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harm to help away a slave. I told you that a year ago. I need not repeat it. A gentleman says I steal them.
Who steals, when a man comes and takes my child from my hearthstone? Who steals, when be comes and takes the babe, flesh of my flesh, bone of my bone? Who, steals? I tell you that I have no more hesitation in helping a fugitive slave than I have in snatching a lamb from the jaws of a wolf, or disengaging an infant from the talons of an eagle. Not a bit. Long enough has the nation crouched and cowered in the presence of this stupendous wrong. Here and now I break the spell, and disenchant the Republic from the incantation of this accursed sorceress. It is simply a question whether it will pay to go down into the den where the wolf is. If you would only go into your lair, and crunch the bones and tear the flesh of your victims we might let you alone; but you will not. You claim the right to go with this flesh in your teeth all over our Territories. We deny it.
E, A, POE,
Hear the sledges with the bells, silver bells-
With a crystalline delight-
Hear the mellow wedding bells, golden bells,
What a liquid ditty floats
0, from out the sounding cells,
Hear the loud alarum bells, brazen bells !
Out of tune,
By the side of the pale-faced moon.
Yet the ear it fully knows, By thc twanging and the clanging, how the danger ebbs and flows;
Yet the ear distinctly tells, In the jangling, and the wrangling, how the danger sinks and swells, By the sinking or the swelling in the anger of the bells, of the bells, Of the bells, bells, bells, bells, bells, bells, bells In the clamor and the clangor of the bells !
Hear the tolling of the bells, iron bells !
At the melancholy menace of their tone!
Is a groan. And the people--ah, the people; they that dwell up in the steeple
They are ghouls :
A pæan from the bells ! and his merry bosom swells
To the pæan of the bells, of the bells :
To the sobbing of the bells ;
A CATEGORICAL COURTSHIP.
I sat one night beside a blue-eyed girl —
At length I saw a brindle tabby cat
THE CLAIMS OF ITALY.
I will leave antiquity out of the question, and speak only of modern times. Is it not a striking spectacle to see Italy always give the signal to the world, always open the way to great things? The first modern epic poet is an Italian-Dante; the first lyric poet is an Italian - Petrarch; the first poet of chivalry is an Italian--Boccaccio; the first painter in the world is an Italian- Raffaelle; the first statuary is an Italian-Michael Angelo; the first vigorous statesman and historian of the revival is an Italian Machiavelli; the first philosophical historian is an Italian — Nico; the discoverer of the New World is an Italian-Christopher Columbus; and the first demonstrator of the laws of the heayenly worlds is an Italian Galileo. You will find a son of Italy standing on every step of the temple of genius ever since the twelfth century. Then, in times nearer to our own, while all other nations are working at the continuation of this immortal gallery, Italy from time to time collects her strength, and presents to the world a colossus surpassing all. Now, even now, the greatest of living artists -- the only one, perhaps, who deserves, solely as an artist, the title of a great man-is he not an Italian-Rossini? And lastly, was he not also a son of Italy — that giant who towered above the whole century, and covered all around him with his light or his shade-Napofeon? In fact, it would seem that when Providence wanted a guide or a leader for humanity, it strikes this favored soil, and a great man springs forth.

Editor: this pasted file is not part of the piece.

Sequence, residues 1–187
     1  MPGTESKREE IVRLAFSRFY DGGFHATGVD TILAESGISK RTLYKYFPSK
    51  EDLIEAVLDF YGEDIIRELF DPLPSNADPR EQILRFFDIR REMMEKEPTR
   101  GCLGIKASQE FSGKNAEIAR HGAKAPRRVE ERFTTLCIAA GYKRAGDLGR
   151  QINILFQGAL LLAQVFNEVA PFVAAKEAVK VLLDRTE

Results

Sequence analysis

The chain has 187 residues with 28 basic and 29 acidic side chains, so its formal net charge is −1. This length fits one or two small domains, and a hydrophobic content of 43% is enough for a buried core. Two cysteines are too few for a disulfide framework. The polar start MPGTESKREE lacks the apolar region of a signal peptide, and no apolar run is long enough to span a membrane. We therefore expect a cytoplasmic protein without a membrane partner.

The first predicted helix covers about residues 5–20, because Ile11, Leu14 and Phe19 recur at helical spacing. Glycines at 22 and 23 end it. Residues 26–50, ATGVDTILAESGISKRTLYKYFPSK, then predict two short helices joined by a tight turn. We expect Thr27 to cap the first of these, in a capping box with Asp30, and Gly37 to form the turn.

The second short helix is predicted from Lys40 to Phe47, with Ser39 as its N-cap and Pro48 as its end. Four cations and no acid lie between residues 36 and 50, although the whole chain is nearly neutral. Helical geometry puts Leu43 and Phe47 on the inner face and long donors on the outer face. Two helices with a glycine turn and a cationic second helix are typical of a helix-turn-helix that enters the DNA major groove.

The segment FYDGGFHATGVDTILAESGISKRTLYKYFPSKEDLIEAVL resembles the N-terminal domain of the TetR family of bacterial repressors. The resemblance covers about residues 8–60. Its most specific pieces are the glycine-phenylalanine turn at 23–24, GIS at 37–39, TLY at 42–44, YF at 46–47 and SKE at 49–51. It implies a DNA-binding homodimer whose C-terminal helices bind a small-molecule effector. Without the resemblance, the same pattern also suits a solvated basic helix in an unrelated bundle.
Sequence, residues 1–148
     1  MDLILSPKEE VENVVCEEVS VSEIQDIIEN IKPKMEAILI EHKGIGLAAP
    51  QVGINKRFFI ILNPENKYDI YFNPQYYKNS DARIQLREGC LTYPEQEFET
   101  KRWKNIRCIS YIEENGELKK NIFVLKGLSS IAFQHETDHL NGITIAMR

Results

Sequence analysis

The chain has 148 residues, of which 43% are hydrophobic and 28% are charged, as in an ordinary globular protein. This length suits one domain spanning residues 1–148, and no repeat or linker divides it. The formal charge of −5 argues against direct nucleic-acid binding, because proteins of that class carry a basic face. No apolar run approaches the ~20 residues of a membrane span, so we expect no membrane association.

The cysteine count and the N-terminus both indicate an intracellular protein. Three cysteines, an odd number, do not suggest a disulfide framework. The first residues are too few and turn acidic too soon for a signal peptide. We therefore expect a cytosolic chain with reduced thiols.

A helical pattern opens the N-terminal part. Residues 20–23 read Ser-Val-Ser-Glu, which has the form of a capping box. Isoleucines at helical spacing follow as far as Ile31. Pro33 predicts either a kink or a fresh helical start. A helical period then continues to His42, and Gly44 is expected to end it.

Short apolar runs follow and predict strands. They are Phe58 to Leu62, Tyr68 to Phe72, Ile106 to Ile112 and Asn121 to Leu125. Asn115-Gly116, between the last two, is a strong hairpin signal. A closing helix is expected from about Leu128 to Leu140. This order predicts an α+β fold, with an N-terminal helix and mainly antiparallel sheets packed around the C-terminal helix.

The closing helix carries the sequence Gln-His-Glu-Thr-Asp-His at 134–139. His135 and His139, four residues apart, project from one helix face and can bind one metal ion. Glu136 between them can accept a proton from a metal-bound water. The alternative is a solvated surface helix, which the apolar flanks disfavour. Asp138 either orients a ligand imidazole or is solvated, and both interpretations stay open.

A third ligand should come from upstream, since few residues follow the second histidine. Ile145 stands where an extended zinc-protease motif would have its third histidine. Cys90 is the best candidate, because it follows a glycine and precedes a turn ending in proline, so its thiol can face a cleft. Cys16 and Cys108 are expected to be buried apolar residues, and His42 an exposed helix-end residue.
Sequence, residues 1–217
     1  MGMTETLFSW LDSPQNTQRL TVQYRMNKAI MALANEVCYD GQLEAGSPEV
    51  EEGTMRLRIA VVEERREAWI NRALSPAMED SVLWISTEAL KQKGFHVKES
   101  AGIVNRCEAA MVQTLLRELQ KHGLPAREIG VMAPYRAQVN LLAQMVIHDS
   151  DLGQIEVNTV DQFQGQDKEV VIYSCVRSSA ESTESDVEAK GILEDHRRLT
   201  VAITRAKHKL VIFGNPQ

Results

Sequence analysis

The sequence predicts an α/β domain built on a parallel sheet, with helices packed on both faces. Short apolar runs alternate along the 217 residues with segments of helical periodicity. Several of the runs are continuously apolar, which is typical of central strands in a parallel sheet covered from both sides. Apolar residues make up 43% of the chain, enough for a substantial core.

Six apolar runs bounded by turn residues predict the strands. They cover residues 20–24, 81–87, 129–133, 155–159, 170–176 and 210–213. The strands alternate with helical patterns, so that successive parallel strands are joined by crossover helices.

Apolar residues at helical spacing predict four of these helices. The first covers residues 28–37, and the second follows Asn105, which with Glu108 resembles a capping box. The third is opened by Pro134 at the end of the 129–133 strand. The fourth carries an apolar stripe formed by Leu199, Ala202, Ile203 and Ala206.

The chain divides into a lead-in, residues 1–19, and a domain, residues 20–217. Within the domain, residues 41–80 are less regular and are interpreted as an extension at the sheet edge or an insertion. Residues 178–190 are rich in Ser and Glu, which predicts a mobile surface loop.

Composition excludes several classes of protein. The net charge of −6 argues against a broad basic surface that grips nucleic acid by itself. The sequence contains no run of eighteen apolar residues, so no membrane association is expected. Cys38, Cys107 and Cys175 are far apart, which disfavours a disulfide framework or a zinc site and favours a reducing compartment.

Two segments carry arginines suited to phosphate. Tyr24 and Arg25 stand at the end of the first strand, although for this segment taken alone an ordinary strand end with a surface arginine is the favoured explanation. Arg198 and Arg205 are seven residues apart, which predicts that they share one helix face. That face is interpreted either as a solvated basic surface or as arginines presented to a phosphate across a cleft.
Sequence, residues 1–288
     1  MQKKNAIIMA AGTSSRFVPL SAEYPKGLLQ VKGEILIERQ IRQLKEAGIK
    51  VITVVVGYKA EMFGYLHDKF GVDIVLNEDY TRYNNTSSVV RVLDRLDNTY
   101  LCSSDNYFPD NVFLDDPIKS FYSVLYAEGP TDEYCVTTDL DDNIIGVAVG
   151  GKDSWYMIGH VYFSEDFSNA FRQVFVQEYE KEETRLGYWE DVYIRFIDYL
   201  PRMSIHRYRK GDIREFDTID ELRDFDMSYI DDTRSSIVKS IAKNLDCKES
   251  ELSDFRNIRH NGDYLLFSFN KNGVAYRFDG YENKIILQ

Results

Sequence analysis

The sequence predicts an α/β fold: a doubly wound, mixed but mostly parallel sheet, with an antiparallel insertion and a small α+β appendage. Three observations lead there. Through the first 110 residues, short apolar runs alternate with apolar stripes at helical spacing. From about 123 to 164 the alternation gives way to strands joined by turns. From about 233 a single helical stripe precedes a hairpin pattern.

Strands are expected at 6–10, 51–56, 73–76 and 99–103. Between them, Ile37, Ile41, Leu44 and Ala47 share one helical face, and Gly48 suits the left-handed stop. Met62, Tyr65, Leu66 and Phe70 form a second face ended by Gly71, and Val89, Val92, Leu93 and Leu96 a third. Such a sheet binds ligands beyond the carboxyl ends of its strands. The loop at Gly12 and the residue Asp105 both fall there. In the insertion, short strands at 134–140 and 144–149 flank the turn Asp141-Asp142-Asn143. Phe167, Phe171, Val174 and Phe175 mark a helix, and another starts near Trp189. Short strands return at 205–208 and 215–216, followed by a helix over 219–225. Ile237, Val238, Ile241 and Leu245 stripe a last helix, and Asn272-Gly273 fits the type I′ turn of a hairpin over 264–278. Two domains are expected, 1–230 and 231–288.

DRUNKARDS NOT ALL BRUTES.
JOHN B. GOUGH.
I said when I began, that I was a trophy of this movement; and therefore the principal part of my work has been (not ignoring other parts,) in behalf of those who have suffered as I have suffered. You know there is a great deal said about the reckless victims of this foe being " brutes" No, they are not brutes. I have labored for about eighteen yeais among them and I never have found a brute. I have had men swear at me; I have had a man dance around me'as if possessed of a devil, and spit his foam in my face; but he is not a brute. I think it is Charles Dickens who says: “ Away up a great many pair of stairs, in a very remote corner, easily passed by, there is a door, and on that door is written 'woman.' And so in the heart of the vile outcast, away up a great many pair of stairs, in a very remote corner, easily passed by, there is a door on which is written"
Here is our business to find that door. It may take a time; but begin and knock. Don't get tired; but remember God's long suffering for us and keep knocking a long time if need be. Don't get weary if there is no answer; remember Him whose locks were wet with dew. Knock on -- just try it -- you try it; and just so sure as you do, just so sure, by-and-by, will the quivering lip and starting tear tell you have knocked at the heart of a man, and not of a brute. It is because these poor wretches are men, and not brutes that we have hopes of them. They said “he is a brute let him alone.”. I took him home with me and kept the "brute" fourteen days and nights, through his delirium; and he nearly frightened Mary out of her wits, once chasing her about the house